When neuromuscular disease caused difficulty with my feet, my physician recommended non-impact exercise such as Tai Chi as a healthy form of exercise. I also have significant back problems, including scoliosis and severe degenerative disc disease in my lower spine, and often experience lower back pain. After first trying a copy of Scott Cole: Discover T’ai Chi for Back Care that I borrowed from my public library, I purchased this DVD for personal use.
I found Mr. Cole’s instructions to easy to follow and simple to learn. After a brief introduction about the background of T’ai Chi, Mr. Cole begins with demonstrating alignment. Mr. Cole then breaks down a number of basic T’ai Chi and Chi Kung poses, and guides practice in each pose. The moves, including Bending Bear, Beautiful Woman Turns at Waist, Finding the Needle at the Bottom of the Sea, Brush Push, Basic Kicks, and Wave Hands like clouds, were then put together into a simple flowing routine. The routine was practiced first with instruction, and then without the instructions. Next, Mr. Cole guides the user through seated stretching.
Discover T’ai Chi for Back Care runs for about 52 minutes with the introductory material. I found it easy to follow and very gentle on all of my joints, including my back. T’ai Chi requires one to learn a different mindset regarding exercise. Over the past six months, I have improved my focus with exercises using slow, gentle, smooth, continuous movement through regular practice. After completing the practice, I felt both relaxed and energized, and my back was free of pain.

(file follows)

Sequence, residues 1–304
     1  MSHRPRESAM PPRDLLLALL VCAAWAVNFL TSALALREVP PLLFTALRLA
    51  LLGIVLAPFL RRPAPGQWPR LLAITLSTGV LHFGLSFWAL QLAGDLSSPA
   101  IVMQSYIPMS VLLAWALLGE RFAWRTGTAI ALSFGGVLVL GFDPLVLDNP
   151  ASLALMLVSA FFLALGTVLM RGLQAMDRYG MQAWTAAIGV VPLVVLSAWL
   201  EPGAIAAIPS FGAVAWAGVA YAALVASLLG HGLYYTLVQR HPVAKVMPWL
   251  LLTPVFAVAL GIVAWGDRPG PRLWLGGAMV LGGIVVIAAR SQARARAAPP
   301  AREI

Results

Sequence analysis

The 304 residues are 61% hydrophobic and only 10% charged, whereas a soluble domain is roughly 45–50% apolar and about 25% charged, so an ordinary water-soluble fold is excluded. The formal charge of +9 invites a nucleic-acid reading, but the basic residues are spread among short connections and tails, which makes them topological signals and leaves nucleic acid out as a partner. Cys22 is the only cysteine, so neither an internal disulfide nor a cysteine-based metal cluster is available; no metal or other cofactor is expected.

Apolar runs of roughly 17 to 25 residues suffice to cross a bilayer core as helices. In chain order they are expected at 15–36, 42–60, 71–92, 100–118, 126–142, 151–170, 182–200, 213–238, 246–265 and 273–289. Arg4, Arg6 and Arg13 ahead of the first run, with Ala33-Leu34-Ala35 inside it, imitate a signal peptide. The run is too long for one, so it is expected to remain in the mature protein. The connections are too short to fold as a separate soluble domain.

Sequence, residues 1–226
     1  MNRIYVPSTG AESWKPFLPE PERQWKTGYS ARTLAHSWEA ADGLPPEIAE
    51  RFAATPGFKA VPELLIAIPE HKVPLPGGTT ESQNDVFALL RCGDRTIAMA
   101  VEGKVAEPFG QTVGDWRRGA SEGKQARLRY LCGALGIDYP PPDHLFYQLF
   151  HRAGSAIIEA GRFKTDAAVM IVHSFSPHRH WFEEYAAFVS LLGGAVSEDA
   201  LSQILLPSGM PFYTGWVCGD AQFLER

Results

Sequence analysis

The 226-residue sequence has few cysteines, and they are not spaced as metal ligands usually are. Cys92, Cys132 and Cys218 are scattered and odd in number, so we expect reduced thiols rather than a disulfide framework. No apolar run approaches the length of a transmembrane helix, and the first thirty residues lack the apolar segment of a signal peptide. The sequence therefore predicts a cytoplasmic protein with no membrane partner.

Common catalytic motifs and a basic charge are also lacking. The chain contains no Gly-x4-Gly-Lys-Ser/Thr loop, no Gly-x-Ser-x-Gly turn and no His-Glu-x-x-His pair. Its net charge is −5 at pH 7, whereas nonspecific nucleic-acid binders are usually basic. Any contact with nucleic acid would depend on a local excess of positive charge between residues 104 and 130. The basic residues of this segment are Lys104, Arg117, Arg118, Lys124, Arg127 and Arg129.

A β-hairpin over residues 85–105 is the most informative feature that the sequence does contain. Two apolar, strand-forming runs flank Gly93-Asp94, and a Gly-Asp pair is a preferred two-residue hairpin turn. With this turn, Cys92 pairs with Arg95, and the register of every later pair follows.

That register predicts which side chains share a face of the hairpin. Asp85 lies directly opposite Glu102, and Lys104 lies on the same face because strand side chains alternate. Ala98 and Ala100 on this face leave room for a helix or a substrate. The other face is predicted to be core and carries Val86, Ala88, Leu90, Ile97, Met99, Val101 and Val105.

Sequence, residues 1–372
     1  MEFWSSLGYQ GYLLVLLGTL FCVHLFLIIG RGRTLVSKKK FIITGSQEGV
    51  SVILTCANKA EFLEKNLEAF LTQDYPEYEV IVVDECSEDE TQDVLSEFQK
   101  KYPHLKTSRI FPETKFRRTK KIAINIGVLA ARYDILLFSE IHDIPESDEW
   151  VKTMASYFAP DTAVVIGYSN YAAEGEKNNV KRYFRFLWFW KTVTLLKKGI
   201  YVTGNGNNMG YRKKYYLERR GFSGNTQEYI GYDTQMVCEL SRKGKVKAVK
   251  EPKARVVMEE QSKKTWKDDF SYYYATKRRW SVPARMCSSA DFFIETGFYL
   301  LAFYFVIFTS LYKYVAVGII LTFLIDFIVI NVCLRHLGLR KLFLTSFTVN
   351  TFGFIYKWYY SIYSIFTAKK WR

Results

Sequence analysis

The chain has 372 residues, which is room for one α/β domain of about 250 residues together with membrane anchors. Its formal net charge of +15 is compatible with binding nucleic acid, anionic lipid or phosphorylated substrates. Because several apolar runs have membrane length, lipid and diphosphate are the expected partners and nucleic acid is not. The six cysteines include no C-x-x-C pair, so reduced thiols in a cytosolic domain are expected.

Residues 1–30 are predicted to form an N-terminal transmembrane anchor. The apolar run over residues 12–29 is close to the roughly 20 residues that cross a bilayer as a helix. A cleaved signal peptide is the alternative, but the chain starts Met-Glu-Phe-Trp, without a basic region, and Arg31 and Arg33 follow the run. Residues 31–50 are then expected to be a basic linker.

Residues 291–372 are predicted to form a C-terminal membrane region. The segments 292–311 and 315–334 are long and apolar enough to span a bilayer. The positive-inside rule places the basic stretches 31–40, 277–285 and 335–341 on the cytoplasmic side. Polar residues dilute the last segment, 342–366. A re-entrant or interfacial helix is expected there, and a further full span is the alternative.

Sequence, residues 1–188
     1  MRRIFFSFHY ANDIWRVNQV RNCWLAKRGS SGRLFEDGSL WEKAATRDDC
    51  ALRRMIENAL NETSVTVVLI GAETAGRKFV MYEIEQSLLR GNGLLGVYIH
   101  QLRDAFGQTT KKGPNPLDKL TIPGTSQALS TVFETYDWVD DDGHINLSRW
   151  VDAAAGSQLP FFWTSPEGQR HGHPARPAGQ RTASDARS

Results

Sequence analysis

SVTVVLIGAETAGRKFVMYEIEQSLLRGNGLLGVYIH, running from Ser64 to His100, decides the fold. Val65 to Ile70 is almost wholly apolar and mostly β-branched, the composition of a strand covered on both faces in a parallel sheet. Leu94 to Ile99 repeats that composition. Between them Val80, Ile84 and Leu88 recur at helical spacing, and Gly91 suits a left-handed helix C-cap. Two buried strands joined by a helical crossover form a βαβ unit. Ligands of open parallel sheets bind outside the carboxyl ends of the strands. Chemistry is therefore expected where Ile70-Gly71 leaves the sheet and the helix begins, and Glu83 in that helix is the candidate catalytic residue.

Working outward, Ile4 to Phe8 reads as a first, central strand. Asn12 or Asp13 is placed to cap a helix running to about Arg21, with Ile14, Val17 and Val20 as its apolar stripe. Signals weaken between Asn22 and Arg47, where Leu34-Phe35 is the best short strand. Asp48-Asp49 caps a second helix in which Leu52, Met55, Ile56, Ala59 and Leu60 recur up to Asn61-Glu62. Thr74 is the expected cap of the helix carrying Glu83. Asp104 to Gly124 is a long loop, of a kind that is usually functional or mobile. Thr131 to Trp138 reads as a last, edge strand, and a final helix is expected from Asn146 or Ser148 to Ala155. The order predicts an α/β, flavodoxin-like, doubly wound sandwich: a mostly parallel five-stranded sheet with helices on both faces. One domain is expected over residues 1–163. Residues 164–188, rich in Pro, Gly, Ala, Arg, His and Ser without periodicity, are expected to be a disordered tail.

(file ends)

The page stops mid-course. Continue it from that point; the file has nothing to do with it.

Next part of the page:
Research has supported the health benefits of Tai Chi. Benefits include improvements in balance, decreased risk of falls, improved cardiovascular health, increased strengthand flexibility, better sleep, and reduced neck, back and joint pain. T’ai Chi is one of the forms of moderate-intensity, low-resistance exercise recommended for people ALS by the Muscular Dystrophy Association as a beneficial for preserving function.
This DVD does require the ability to stand, walk, and balance to participate in most of the exercises. The last section, however, focuses on seated stretches: this section may be appropriate for a person who cannot stand but who has upper body mobility.
For those confined to a wheelchair, seated Tai Chi routines are available. Another option, Ai Chi, is performed in the water, which combines the benefits of aquatic therapy, such as increased buoyancy and less stress on the joints, with movements similar to T’ai Chi. Make sure to discuss any new type of exercise with your physician before trying any new type of exercise, however.
Overall, I would highly recommend this video, Discover T’ai Chi for Back Care for learning a T’ai Chi practice that focuses on stretching and strengthening the back, improving balance, and gentle overall body exercise.
Muscular Dystrophy Association, (2010). Everyday Life with ALS: A Practical Guide. Available as a PDF file download at: http://www.als-mda.org/publications/everydaylifeals/ . Retrieved 12/8/11.
Cole, S., (2007). Scott Cole: Discover Tai Chi for Back Care DVD. Distributed by Bayview Films.
Cole, S., (2004). Moving Slow in a Fast World – The Rise of tai chi in America. In Fitness Journal (September, 2004). Link found at: http://www.scottcole.com/artic.html . Retrieved 12/8/11.
Cole, S., (n.d.). scottcole website. http://www.scottcole.com/index.html . Retrieved 12/8/11.
WebMD, (2000) Dive In! – Aquatic Therapy for People with Disabilities. http://www.webmd.com/fitness-exercise/news/20000719/aquatic-therapy-people-disabilities?page=2 . Retrieved 12/8/11.
WebMD (2008). Health Benefits of Tai Chi and Qigong. http://www.webmd.com/balance/health-benefits-tai-chi-qigong . Retrieved 12/8/11.
Disclosure: The DVD reviewed in this article was purchased by the author for personal use.